Finally he came in to see if I was dilated enough.  He told me that I looked like an owl.  He then did a very thorough eye exam with a LOT of very bright light shinning in my eyes.  Thank goodness I did not have a migraine.  He said he saw the big floater and a lot of little ones.  (The big one is the new, looks like a piece of string all crumpled.)  He said my retina looked good, no signs of detachment.

He explained that the gel sac (vitreous) in the back of the eye is detaching from the back of the eye.  He said that since I am extremely nearsighted that my eye is already stretched and pulling on the back of the eye, now it is coming loose.  The floaters are the “trash” from where it pulled free.  This big floater will hopefully break up and be less obvious over the next few months, but he warned me that he has one that he still gets flashes from after 2 years.   This is pretty much right, but I like the way it’s worded below better.

I have what is called Posterior Vitreous Detachment.   “Most of the eye’s interior is filled with vitreous, a gel-like substance that helps the eye maintain a round shape. There are millions of fine fibers intertwined within the vitreous that are attached to the surface of the retina, the eye’s light-sensitive tissue. As we age, the vitreous slowly shrinks, and these fine fibers pull on the retinal surface. Usually the fibers break, allowing the vitreous to separate and shrink from the retina. This is a vitreous detachment.” *National Eye Institute.   For some the symptoms are not noticeable.

I have to keep a watch out over the next couple of months, if there is any change in my vision or if there is an increase in the flashes I need to be seen as soon as possible, as that could mean complications, like a retina detachment.

I was seen to the front desk to check out.  I was very confused because I didn’t get an eye exam.  The same technician who checked me in told me that when the doctor needs to see you for a medical reason he doesn’t do an exam that day.  Confused much?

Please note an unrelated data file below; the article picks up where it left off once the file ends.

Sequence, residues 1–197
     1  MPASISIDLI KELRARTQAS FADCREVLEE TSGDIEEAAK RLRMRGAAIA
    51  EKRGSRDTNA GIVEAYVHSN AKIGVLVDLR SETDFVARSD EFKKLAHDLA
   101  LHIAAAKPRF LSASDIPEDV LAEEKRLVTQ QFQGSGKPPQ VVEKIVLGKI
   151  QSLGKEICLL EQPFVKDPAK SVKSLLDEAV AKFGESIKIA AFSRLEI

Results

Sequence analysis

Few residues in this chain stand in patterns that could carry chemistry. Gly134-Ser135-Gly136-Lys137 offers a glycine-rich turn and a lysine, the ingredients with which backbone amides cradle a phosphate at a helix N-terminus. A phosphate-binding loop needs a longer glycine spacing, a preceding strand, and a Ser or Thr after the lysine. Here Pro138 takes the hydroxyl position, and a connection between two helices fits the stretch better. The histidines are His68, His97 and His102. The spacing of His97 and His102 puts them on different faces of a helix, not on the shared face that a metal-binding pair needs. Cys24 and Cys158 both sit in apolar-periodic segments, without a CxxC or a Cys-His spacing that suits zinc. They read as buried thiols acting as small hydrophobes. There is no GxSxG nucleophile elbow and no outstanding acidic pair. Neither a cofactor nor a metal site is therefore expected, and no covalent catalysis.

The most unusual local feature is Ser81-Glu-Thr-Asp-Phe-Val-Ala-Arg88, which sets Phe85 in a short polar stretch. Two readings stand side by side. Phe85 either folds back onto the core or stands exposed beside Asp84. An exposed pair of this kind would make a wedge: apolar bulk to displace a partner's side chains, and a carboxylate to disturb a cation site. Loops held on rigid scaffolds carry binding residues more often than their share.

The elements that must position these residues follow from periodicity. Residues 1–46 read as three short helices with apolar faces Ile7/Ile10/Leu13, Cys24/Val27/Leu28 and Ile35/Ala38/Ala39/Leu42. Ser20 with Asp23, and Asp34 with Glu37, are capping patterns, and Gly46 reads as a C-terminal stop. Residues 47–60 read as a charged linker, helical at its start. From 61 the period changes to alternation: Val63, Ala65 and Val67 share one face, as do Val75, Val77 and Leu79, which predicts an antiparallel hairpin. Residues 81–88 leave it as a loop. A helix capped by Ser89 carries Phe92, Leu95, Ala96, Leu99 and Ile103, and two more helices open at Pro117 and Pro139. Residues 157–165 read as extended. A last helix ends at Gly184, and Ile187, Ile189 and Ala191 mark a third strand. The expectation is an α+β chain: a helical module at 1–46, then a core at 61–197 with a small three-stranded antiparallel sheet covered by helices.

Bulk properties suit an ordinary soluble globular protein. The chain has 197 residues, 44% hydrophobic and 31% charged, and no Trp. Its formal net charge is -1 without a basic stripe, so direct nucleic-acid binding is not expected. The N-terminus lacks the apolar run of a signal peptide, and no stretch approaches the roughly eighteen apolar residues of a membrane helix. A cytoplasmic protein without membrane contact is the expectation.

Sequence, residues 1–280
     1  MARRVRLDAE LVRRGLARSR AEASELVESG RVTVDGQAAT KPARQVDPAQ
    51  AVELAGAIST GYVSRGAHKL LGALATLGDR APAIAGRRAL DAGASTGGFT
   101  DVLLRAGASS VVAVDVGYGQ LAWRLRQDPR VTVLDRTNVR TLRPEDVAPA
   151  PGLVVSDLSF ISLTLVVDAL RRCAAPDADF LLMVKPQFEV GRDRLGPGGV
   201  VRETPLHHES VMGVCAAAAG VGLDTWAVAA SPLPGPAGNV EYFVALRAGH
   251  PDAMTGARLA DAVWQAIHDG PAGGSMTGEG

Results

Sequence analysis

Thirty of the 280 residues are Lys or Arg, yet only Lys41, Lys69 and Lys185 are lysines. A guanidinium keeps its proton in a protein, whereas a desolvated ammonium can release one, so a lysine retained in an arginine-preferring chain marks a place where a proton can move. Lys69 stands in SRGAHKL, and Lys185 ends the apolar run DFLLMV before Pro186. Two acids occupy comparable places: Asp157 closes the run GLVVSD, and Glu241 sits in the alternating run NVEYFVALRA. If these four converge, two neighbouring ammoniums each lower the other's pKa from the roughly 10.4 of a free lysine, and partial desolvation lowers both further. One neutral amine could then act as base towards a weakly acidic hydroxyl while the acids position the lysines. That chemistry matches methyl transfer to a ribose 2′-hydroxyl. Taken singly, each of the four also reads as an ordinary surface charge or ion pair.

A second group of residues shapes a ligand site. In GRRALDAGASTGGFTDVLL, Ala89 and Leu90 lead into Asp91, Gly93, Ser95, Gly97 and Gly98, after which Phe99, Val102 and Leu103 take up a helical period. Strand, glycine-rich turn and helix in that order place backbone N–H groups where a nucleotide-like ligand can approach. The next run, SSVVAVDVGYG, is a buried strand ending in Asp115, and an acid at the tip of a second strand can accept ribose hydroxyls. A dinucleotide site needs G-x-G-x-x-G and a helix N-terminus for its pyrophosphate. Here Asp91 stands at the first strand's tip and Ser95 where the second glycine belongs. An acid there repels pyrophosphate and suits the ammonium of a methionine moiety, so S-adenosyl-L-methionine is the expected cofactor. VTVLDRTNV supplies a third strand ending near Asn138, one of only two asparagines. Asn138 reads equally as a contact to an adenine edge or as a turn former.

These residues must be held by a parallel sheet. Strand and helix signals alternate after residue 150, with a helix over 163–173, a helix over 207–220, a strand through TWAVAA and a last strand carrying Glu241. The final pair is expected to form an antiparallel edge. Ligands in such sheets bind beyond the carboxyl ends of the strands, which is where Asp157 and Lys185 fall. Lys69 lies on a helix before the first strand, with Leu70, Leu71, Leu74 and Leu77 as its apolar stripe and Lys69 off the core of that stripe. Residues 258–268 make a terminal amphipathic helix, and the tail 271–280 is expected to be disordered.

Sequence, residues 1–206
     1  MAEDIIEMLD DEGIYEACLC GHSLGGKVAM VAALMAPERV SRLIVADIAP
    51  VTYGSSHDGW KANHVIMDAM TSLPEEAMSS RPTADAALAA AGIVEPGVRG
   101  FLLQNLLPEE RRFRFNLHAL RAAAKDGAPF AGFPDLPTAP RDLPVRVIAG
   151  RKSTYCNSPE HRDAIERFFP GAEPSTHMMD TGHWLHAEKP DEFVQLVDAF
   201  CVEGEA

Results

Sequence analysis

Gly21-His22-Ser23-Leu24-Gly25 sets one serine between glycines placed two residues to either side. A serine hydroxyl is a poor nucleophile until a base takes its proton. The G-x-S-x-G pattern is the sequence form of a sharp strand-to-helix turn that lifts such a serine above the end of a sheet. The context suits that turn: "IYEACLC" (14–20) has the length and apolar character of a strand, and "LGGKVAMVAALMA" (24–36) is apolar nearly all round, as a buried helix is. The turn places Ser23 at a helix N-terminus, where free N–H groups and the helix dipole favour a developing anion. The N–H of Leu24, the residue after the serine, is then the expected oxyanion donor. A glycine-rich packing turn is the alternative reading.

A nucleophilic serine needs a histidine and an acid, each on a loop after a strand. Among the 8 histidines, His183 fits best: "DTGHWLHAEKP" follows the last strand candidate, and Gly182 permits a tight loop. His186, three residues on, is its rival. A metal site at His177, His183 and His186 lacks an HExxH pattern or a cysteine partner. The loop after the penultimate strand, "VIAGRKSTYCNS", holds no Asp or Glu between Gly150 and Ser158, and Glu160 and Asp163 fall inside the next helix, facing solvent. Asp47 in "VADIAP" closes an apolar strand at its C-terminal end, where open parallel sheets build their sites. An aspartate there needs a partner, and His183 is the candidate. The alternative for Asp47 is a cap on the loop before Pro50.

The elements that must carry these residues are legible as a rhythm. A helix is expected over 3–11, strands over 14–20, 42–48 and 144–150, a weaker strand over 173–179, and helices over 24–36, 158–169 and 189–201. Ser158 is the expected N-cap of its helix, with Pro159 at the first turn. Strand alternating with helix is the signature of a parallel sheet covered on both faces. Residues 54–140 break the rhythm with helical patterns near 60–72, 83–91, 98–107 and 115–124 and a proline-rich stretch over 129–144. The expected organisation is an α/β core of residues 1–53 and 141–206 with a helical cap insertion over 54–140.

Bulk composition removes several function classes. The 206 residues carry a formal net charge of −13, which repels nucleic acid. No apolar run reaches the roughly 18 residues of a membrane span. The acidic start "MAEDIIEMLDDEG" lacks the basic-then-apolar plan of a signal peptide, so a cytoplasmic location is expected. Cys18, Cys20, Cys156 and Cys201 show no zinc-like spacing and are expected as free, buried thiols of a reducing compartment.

If you want to know more about Posterior Vitreous Detachment please see these links: Posterior Vitreous Detachment   and Facts about Vitreous Detachment.  I found it very interesting.

 

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19 thoughts on “Floaters and Flashers

  1. Sounds like a strange visit. At least you have a baseline from which to judge going forward.
    I have floaters too which can be amusing, distracting, or a pain in the butt.
    Hope yours get better soon!

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    • Lorraine, hello! It was a strange visit, but I do think he knew what he was doing. Just not my personality type. I’m beginning to think that doctors are trained to talk to everyone as if they are talking to a child. They don’t talk to me as if I have a brain. and I think it’s worse once they find out I can’t hear. Then they dumb things down even more. I’m deaf, not stupid.
      I think I’m in a uppity mood today. so there!

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  2. How odd that I just had the light show for 30-40 minutes and was worried about a retinal tear. Mine, I was told, was an ocular migraine. I sure hope your eyes will be fine and get no worse. That’s what I am praying, too, since my macular pucker moved with the cataract surgery and is creating such wonky vision it’s a strain to read now. I’ve had floaters ever since I can remember, too. Gosh–I hope for the very best for you. 🙂